"Things were getting bad," Mr Stewart writes. "You'd be sitting and somebody would stroke your head or walk past or drop things, you know, falling noise. Now, it wasn't poltergeists, nothing like that. But, all these noises were wakening me up during the night and shouting into my ear."

The project, devised in partnership with the Clanmil Housing Association as a follow-up to previous 'reminiscence' schemes delivered with funding from the EU Peace IV programme, is described by Nic as "a modern anthology" of folklore, resulting from a topic that refused to be ignored.

"The museum service ran a programme called 'Understanding Our Area' which involved working with groups to highlight aspects of heritage and culture," Nic explains. "But, really, whatever we did, no matter what the nature of the project, everyone just wanted to share stories of ghosts and fairies.

"Whether we were looking at weddings, funerals or Christenings, supernatural beliefs and superstitions always came to the fore; it was a subject that refused to remain hidden, regardless of the task at hand. So, because I knew there was already an appetite and there were lots of stories out there, we approached Clanmil to work on a contemporary collection, weaving in old stories from our museum collection from by Sam Henry, an avid folklorist in the early 20th century.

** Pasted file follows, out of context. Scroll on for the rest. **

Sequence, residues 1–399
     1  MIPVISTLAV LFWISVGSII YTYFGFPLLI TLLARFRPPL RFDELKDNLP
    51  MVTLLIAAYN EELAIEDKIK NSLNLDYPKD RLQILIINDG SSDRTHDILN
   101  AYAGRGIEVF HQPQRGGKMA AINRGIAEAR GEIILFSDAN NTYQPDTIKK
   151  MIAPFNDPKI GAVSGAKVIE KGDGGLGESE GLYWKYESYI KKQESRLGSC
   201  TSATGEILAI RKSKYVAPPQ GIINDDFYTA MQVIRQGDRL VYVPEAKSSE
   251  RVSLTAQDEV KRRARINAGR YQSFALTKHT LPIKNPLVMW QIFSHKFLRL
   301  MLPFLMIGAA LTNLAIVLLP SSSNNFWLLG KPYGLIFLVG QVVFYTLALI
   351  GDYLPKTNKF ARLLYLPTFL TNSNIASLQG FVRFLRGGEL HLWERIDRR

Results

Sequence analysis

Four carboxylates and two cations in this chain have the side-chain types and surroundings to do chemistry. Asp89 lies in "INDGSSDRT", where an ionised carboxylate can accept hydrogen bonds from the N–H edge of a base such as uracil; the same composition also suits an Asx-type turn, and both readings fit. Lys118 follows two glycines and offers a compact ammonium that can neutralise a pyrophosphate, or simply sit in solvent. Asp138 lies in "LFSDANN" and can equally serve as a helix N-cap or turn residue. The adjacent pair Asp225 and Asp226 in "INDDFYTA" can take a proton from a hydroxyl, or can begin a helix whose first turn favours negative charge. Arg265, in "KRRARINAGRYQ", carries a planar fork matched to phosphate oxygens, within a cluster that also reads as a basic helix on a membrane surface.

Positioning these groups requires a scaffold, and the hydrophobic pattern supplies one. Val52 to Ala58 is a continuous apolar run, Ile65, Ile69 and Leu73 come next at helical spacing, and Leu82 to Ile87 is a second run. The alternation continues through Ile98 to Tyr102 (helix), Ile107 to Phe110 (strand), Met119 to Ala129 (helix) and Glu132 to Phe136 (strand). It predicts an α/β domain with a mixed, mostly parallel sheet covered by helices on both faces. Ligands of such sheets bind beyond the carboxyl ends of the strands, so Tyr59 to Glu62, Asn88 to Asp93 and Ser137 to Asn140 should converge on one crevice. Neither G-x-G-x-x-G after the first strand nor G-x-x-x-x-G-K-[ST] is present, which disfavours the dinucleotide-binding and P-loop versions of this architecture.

"I wouldn't say this borough is any richer in folklore than anywhere else in Northern Ireland; it's more that we have a good record of some of the older folklore from the area which we've been able to use as a framework for some of the more recent stories."

The point, he says, was to capture a "snapshot" of everyday stories that may be lost to future generations too busy "looking at their screens".

"I think people are continually fascinated because it's a way of explaining the unexplained and supernatural stories are so ingrained into people who grew up in this landscape," Nic explains. "They hear the stories and they just become part of who people are.

"People don't sit around talking so much anymore, so it was important to document these stories in written form. We have had really great, positive feedback so far, particularly from the tourist information centre where staff tells us the books are flying out the door."

Folklorist Sam Henry pictured with Rathlin storyteller, Katie Glass – taken from the Sam Henry collection at Coleraine Museum and reproduced in Lore of the Land

He is not surprised. Despite having been raised in a "fairly sceptical, secular family", working on the book has been a "highlight" of his job to date – and helped raise a few questions of his own.


"I'm certainly open to all of these stories and it's absolutely entralling to sit down and hear people who grew up with them – it's part of their world view," he says. "I find that absolutely fascinating."

:: To request a copy of Lore of the Land, email Ballymoney Museum – – while a digital copy can be found on the resources page of the Northern Ireland Community Archive at